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Hutchison Ports Philippines Limited

v.
Subic Bay Metropolitan Authority
G.R. No. 131367
August 31, 2000
Facts:

The Subic Bay Metropolitan Authority (SMBA) called for bidders for the development and
operation of a modern marine container terminal within the Subic Bay Freeport Zone, which
declared three pre-qualified bidders, which included the International Container Terminal
Services, Inc. (ICTSI), a consortium consisting of Royal Port Services, Inc. and HPC Hamburg Port
Consulting GMBH (or RPSI); and (3) Hutchison Ports Philippines Limited (or HPPL) a corporation
organized in the British Virgin Islands, representing a consortium composed of HPPL, Guoco
Holdings (Phils.), Inc. and Unicol Management Services, Inc. After evaluation of the bids, and
resolution of issues concerning ICTSI’s qualification, SMBA awarded the project to HPPL. The
award was protested to by ICTSI with the President, which later on prompted the President to
direct SMBA to conduct a re-bidding, which led HPPL to file an injunction against the re-bidding,
arguing that there was already a perfected contract since it was the winning bidder in the first
bidding. During the pendency of the case, a re-bidding was ultimately conducted where ICTSI was
declared as the winning bidder. In the petition, aside from the legality of the re-bidding, HPPL’s
standing to file the case was questioned due to the lack of license to engage in business in the
Philippines, thus this petition.

Issue: Whether participating in the bidding is a mere isolated transaction, or did it constitute
engaging in or transacting business in the Philippines such that HPPL needed a license to do
business in the Philippines before it could come to Court.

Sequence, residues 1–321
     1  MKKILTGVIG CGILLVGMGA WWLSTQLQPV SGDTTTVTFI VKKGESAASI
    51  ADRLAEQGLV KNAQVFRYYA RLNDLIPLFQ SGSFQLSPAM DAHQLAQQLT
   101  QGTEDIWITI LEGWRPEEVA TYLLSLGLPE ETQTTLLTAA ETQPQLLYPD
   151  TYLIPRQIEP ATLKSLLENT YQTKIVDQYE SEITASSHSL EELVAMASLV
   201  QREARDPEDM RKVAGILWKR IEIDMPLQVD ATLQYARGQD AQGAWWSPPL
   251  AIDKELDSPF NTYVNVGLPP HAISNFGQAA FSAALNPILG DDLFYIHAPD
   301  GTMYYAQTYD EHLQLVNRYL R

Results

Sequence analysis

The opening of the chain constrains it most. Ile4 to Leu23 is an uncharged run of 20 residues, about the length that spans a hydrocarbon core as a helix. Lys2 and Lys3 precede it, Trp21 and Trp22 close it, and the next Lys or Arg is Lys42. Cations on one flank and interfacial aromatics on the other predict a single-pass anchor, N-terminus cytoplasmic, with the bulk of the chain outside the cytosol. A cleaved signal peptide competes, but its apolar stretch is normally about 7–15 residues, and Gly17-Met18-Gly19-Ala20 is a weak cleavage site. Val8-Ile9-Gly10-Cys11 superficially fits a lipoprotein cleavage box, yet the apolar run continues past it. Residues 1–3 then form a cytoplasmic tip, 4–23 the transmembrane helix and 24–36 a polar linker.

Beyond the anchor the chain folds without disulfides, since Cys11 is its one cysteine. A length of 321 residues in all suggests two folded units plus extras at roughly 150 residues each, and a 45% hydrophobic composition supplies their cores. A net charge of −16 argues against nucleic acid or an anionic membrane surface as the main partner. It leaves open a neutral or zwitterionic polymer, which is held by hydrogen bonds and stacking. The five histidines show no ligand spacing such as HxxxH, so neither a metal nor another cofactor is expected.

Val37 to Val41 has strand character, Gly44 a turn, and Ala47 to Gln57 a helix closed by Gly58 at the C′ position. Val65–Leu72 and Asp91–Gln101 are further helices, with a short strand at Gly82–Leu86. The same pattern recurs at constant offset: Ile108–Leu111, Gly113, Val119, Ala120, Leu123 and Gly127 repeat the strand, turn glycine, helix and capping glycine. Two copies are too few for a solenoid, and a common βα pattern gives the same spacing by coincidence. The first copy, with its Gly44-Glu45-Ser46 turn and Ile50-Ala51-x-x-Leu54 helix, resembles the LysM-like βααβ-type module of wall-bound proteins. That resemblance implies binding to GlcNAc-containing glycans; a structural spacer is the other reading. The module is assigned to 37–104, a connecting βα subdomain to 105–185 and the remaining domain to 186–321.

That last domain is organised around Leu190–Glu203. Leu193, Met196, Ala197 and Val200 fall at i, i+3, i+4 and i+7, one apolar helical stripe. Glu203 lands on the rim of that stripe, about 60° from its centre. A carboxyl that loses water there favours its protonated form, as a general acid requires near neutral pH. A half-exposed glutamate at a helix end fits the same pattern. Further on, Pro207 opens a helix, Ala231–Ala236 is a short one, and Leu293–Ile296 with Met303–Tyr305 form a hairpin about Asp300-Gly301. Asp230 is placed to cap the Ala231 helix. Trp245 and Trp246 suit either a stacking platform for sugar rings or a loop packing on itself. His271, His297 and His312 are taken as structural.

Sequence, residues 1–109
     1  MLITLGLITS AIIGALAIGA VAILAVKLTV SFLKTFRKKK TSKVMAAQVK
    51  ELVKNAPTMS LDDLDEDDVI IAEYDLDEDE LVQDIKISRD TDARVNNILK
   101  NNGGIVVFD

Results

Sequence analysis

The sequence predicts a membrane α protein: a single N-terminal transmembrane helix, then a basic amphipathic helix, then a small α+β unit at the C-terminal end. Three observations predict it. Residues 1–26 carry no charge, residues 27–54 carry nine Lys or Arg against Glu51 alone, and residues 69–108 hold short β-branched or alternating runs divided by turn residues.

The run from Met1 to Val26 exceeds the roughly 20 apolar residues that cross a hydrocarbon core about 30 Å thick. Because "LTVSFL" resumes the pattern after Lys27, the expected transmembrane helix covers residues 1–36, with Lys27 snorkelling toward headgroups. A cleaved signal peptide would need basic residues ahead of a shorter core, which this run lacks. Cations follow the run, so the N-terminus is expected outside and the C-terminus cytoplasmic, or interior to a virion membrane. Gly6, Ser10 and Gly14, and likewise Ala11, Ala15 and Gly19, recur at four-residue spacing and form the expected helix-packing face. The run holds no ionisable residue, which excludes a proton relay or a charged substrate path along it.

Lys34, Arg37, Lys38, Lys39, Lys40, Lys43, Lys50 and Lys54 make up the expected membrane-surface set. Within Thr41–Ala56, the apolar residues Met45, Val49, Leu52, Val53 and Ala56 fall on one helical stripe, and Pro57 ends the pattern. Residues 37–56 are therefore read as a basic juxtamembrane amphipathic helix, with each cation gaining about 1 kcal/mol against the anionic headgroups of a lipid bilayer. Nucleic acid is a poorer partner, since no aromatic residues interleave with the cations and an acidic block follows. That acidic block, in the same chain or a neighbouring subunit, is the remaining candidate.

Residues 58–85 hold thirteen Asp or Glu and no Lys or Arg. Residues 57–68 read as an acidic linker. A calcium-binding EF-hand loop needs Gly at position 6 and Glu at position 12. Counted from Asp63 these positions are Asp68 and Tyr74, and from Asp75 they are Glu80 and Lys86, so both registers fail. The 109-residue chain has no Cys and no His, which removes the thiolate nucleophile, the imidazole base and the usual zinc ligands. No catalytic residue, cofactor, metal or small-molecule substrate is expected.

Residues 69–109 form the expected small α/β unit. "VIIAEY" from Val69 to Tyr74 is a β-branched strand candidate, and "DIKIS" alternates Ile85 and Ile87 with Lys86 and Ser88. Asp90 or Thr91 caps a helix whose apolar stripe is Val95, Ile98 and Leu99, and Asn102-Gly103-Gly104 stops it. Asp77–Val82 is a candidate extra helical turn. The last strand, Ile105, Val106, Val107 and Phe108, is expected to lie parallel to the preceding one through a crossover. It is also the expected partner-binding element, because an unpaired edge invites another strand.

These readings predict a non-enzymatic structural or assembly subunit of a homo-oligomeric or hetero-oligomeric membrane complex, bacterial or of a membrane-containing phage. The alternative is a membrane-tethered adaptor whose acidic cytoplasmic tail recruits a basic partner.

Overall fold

Ruling: It was engaged in business in Philippines

There is no general rule or governing principle laid down as to what constitutes "doing"
or "engaging in" or "transacting" business in the Philippines. Each case must be judged in the light
of its peculiar circumstances. Thus, it has often been held that a single act or transaction may be
considered as "doing business" when a corporation performs acts for which it was created or
exercises some of the functions for which it was organized. The amount or volume of the business
is of no moment, for even a singular act cannot be merely incidental or casual if it indicates the
foreign corporation’s intention to do business. Participating in the bidding process constitutes
"doing business" because it shows the foreign corporation’s intention to engage in business here.
The bidding for the concession contract is but an exercise of the corporation’s reason for creation
or existence. Thus, it has been held that "a foreign company invited to bid for IBRD and ADB
international projects in the Philippines will be considered as doing business in the Philippines
for which a license is required." In this regard, it is the performance by a foreign corporation of
the acts for which it was created, regardless of volume of business, that determines whether a
foreign corporation needs a license or not.